Many suppose that sports are a place where African Americans get ahead—where they have the same chance as anyone else. Some even believe that African Americans have “taken over” sport. Such beliefs have little merit. Few know that Black people are underrepresented in all sports, save three.8 There’s no Black dominance in hockey, NASCAR, tennis, golf, yacht racing, polo, swimming, downhill skiing, or lacrosse.
Yet many young athletes of color set their sights on playing in the NFL or NBA— places where it seems they can succeed. But the evidence is against it. African American boys have an infinitely greater likelihood of becoming attorneys or medical doctors than professional athletes, and the Super Bowl does little to dispel the cultural mythology that envelops young Black athletes and deprives them of better opportunities.
Few institutions do a better job at reinforcing the racialized status quo and legitimating inequality than the NFL and its iconic culture-defining event, the Super Bowl. And few Christians seem to voice opposition, or if they do, it’s mostly directed at the window dressing surrounding the NFL/Super Bowl apparatus—peripheral elements like the halftime show or crass commercials.
But what do my minority children learn when all around them, including many in our churches, celebrate and unreservedly support an institution that powerfully promotes inequality and legitimates a stratified order? Christians against “the world?” In supporting the Super Bowl—not its peripherals, but the game itself—we stand in lock-step solidarity with the “world” from which we claim distinction. The Super Bowl represents an idealized world, but not an inevitable one, and not one we should enthusiastically accept.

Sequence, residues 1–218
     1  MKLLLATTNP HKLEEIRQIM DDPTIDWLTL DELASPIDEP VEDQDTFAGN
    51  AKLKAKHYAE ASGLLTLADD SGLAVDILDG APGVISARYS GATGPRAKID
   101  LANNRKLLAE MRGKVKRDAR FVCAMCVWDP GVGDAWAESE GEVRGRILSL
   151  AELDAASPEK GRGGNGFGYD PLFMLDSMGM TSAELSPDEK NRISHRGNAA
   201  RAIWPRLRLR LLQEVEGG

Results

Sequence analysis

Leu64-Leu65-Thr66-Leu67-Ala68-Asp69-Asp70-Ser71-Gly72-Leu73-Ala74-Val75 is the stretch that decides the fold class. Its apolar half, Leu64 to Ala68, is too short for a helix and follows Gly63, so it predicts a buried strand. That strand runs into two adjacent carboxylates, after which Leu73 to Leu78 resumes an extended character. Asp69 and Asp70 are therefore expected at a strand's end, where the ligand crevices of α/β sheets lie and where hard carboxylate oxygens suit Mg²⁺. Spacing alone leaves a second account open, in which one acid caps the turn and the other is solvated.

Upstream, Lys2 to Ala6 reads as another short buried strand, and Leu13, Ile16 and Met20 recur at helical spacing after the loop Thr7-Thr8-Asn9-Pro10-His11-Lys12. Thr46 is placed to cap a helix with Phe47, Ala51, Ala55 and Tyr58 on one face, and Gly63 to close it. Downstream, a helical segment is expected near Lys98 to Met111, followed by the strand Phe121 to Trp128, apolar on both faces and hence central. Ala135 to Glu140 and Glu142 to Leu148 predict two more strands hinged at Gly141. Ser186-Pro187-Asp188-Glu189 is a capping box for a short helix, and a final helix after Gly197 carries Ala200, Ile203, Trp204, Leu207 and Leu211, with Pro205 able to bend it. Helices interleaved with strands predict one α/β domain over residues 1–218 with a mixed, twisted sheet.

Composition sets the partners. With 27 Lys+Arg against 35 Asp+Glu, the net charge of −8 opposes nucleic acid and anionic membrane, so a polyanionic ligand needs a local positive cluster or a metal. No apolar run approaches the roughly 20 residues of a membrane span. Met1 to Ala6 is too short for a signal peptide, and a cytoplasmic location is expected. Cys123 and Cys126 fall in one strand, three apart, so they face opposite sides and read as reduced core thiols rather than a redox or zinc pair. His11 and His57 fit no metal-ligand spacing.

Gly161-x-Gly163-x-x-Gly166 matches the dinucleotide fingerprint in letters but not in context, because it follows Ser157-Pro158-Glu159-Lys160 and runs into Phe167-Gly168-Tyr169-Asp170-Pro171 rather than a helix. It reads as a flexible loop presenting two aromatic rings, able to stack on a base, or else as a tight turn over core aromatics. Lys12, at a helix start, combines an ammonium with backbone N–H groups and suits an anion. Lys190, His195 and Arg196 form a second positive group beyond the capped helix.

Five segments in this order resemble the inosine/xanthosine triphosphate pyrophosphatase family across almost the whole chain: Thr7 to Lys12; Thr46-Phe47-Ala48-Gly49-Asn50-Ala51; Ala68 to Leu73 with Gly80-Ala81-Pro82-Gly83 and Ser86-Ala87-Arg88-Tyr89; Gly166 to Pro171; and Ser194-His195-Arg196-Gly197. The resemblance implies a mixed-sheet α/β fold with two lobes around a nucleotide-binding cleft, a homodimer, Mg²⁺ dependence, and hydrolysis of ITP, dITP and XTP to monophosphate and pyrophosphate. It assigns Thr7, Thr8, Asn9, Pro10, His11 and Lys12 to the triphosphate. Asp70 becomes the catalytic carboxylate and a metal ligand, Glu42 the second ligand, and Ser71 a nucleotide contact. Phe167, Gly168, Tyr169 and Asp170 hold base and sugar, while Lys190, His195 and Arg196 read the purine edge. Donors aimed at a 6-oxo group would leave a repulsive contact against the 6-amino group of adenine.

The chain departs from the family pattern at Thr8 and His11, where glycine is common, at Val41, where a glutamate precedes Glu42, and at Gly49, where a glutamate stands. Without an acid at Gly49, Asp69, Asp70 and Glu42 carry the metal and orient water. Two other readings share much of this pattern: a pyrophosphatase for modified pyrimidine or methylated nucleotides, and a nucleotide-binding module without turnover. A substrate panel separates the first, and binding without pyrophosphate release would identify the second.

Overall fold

An earlier version of this article first appeared in the Journal of Sociology and Christianity.
- “NFL, Nielson Reveals Total Viewing Audience of Over 208 Million for Super Bowl LVI,” 2022, accessed March 7, 2022, https://www.sportsvideo.org/2022/03/03/nfl-nielsen-reveals-total-viewing-audience-of-over-208-million-for-super-bowl-lvi/.
- Johnny Kampis, “Atlanta Provides Super Subsidies to NFL,” Taxpayers Protection Alliance (February 1 2019). https://www.protectingtaxpayers.org/corporate-welfare/atlanta-provides-super-subsidies-to-nfl/.
- Tom Joyce, “This Year’s Super Bowl is a Reminder of the Taxpayer-funded Stadium Scam,” Washington Examiner (February 4 2021). https://www.washingtonexaminer.com/opinion/2605877/this-years-super-bowl-is-a-reminder-of-the-taxpayer-funded-stadium-scam/#google_vignette.
- Bob Cooper, “12 Times Taxpayers Footed Big Bills for New Stadiums and Arenas,” Stacker (May 27 2022). https://stacker.com/sports/12-times-taxpayers-footed-big-bills-new-stadiums-and-arenas.
- D. Stanley Eitzen, “Fair and Foul: Beyond the Myths and Paradoxes of Sport,” (Lanham, MD: Rowman & Littlefield, 2016).
- BER, “The Economics of Sports Stadiums: Does Public Financing of Sports Stadiums Create Local Economic Growth, or Just Help Billionaires Improve their Profit Margin?,” Berkeley Economic Review (April 4 2019). https://econreview.berkeley.edu/the-economics-of-sports-stadiums-does-public-financing-of-sports-stadiums-create-local-economic-growth-or-just-help-billionaires-improve-their-profit-margin/.
- “Racialization and its Impact on the Church: Sociological Reflections,” Mosaic TEDS, 2015, https://www.youtube.com/watch?v=146unQdbNJM&t=10s.
- Jay J. Coakley, Sports in society: Issues and controversies, Twelveth edition. ed. (New York, NY: McGraw-Hill Education, 2017).